On race, religion and gender: A progressive Burmese Buddhist perspective


Opinion: An article by May Oo Lwin

‘Our Burmese people should think about political, religious and social issues in a progressive, modern and sympathetic way. It is disturbing to see abusive, homophobic and racist news and comments that have recently been circulated and shared, mainly through social media.

There are some heated arguments concerning the controversial issues to do with so called ‘illegal immigrants’ inside just one particular part of Burma because of their race, religion and ethnicity.

It make me wonder how ‘Internally Displaced People’ (IDPs), refugees, and (so called) ‘illegal immigrants’ of our own ethnic Burmese people around the boarders of Burma are being treated in the bordering countries. Are they also being labeled and abused as ‘illegal immigrants’?  I hope they are being treated with dignity and I wish we could treat our IDPs in a similar way.

The most ironic thing is that some of these strong, discriminatory opinions come from people themselves who are expats, immigrants in other countries, people who were once either refugees or asylum seekers in their adopted countries.

I would also like to make some comments regarding the proposed inter-racial, inter-faith laws and bills which ‘supposedly’ have the aim of protecting Burmese women and Burmese Buddhism. I hope people realize just how much more our Burmese women will be oppressed lacking a voice, indeed lacking any freedom and in turn being deprived of any basic rights to chose their future.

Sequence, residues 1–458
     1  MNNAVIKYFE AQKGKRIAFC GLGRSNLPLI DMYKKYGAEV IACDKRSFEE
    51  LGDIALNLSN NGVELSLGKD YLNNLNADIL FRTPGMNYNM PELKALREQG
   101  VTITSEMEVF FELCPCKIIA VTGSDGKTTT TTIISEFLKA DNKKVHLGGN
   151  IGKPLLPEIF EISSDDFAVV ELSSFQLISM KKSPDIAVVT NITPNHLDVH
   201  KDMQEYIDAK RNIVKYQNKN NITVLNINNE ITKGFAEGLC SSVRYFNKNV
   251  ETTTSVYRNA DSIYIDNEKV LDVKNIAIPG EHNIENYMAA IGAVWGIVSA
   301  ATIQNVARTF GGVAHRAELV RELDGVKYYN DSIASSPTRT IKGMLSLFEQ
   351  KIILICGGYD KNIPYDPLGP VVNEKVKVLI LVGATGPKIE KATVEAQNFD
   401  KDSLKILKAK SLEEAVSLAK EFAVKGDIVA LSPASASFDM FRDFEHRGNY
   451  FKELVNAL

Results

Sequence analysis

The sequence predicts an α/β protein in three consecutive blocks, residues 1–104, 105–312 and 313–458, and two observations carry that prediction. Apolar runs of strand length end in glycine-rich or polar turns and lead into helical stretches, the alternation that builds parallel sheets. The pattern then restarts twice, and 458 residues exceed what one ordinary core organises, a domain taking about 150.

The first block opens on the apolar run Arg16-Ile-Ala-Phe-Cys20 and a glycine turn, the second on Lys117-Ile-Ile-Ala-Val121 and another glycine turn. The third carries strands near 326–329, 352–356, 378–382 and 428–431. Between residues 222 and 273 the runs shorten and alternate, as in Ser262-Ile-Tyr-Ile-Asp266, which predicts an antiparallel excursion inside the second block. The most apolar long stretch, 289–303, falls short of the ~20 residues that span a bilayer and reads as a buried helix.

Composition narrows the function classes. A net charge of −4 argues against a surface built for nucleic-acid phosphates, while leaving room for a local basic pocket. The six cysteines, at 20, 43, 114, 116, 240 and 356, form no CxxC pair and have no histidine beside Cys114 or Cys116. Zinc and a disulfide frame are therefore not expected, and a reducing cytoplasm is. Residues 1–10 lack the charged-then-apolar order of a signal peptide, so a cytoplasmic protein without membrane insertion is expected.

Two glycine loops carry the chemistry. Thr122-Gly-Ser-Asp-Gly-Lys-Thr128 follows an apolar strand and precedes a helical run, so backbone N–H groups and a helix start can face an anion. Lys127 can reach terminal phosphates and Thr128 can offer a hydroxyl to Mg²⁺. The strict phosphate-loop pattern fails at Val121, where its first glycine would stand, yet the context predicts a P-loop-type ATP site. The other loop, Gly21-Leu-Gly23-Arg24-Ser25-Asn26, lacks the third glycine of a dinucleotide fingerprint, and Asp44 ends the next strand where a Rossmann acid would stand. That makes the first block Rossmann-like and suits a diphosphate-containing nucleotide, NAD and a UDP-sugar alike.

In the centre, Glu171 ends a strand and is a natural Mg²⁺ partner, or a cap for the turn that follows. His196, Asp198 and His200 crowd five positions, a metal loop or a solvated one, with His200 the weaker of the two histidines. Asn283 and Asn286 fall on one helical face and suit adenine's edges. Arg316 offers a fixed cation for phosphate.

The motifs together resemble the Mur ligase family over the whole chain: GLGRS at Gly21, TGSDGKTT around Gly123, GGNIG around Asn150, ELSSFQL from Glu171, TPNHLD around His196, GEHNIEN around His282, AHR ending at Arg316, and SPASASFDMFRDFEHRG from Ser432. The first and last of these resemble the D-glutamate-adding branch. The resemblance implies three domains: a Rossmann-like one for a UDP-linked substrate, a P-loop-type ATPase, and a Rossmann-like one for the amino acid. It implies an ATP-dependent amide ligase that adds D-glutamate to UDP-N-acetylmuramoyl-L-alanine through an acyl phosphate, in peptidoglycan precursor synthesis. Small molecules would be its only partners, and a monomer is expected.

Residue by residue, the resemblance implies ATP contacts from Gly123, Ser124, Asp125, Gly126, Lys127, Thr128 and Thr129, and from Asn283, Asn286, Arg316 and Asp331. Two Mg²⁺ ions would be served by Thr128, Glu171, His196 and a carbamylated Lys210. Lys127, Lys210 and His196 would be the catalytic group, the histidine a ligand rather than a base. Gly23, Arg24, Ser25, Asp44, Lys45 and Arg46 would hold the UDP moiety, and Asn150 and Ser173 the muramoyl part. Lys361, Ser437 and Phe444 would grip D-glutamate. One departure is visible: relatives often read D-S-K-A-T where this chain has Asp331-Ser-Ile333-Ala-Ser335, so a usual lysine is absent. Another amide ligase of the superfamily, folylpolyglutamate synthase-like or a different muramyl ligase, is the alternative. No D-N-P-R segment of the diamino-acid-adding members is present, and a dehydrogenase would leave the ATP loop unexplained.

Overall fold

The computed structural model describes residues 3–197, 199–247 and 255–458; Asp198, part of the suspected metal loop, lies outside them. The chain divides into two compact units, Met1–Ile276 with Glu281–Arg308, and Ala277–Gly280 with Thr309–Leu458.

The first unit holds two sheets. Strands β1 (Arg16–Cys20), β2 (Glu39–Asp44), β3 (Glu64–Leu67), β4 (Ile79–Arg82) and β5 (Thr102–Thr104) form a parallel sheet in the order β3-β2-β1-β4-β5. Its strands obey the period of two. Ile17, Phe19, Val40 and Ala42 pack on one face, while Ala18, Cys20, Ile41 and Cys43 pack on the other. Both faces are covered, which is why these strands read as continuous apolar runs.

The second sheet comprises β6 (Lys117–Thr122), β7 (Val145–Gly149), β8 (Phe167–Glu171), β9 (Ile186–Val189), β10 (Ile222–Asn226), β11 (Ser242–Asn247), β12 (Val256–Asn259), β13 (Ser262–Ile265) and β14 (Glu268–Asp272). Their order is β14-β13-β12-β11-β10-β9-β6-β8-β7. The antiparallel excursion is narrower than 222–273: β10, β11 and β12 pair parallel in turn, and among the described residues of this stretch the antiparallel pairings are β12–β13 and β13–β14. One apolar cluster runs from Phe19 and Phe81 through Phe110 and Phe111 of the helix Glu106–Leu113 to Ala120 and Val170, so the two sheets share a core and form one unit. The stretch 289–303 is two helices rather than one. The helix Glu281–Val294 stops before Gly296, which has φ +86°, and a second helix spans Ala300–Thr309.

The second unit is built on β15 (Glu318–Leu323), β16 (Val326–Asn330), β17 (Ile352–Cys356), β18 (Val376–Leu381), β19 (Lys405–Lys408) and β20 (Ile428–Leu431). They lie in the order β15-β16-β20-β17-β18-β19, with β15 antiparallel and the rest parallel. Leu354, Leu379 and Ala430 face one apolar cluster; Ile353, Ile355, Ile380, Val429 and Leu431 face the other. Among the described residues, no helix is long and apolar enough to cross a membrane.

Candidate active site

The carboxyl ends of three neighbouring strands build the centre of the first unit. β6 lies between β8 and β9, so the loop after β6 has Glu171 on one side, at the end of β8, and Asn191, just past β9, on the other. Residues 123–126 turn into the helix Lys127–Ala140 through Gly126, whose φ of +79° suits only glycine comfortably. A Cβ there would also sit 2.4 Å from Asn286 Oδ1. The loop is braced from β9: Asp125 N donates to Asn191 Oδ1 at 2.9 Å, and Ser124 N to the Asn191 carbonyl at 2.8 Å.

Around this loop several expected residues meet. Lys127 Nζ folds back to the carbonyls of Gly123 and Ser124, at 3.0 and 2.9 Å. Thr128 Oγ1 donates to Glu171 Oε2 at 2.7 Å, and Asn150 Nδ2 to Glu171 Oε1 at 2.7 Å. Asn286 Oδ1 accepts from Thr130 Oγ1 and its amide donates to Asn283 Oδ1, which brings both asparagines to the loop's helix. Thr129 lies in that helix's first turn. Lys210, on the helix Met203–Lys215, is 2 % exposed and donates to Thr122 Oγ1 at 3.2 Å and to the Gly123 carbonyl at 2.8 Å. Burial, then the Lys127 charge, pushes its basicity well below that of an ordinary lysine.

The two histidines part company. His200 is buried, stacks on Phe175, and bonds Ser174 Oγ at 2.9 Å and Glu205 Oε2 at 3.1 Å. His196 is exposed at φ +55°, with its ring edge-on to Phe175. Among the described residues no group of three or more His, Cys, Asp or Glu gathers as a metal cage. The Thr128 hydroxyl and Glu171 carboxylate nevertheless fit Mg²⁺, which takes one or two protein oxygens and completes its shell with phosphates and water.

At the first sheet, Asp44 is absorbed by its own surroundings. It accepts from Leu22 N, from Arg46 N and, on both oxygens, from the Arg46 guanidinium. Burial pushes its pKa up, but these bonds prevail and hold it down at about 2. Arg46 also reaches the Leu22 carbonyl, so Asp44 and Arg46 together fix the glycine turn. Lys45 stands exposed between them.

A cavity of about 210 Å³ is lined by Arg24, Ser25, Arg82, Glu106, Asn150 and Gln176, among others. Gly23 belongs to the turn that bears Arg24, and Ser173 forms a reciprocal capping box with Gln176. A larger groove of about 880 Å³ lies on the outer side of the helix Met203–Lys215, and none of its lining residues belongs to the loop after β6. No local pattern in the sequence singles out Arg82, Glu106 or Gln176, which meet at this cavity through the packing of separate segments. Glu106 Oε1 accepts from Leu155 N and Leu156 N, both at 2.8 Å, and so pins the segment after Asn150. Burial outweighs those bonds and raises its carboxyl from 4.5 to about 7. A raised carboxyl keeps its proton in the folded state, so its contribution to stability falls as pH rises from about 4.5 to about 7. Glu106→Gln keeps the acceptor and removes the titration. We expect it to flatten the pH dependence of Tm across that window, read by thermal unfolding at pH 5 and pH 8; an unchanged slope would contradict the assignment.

Finally, there was an outpouring of condemnation, verbal abuse and extremely disturbing comments on the first ever public celebration of the 10 year anniversary of a gay couple in Burma. Soon after this news was reported, lots of people are happy that the couple are being investigated and calling for the ancient colonial-era law to be used to imprison the poor couple. They are a couple who are in love with each other, wanting to celebrate their commitment publicly in front of friends and family. They want to empower the ‘silenced and shamed’ members of our population. Just because they are both men it doesn’t mean they should be condemned, cursed and be treated with hostility and contempt. It is a fact that homosexuality exists everywhere, and that includes Burma. People from countries all over the world have been trying to change such discriminatory attitudes. When we talk about these dramatic changes going on in Burma towards democratic culture, it is essential to also change, adapt and make progress with our mental culture. Our attitudes on ethnicity, racial and religious discrimination (particularly Islamophobia), gender and homosexuality must be examined and changed.

Racism, homophobia and religious intolerance cannot be part of a new, democratic Burma. If we really want our country to move forward and to transform into a democratic Burma we do not simply need material progress but psychological adaptation as well. Political change will mean nothing if we do not also change our attitudes and educate our people. We are not in any way going forward when some of us are encouraging any kind of ‘hate speech’ whether directed at other peoples religious beliefs, race, gender or sexuality.’


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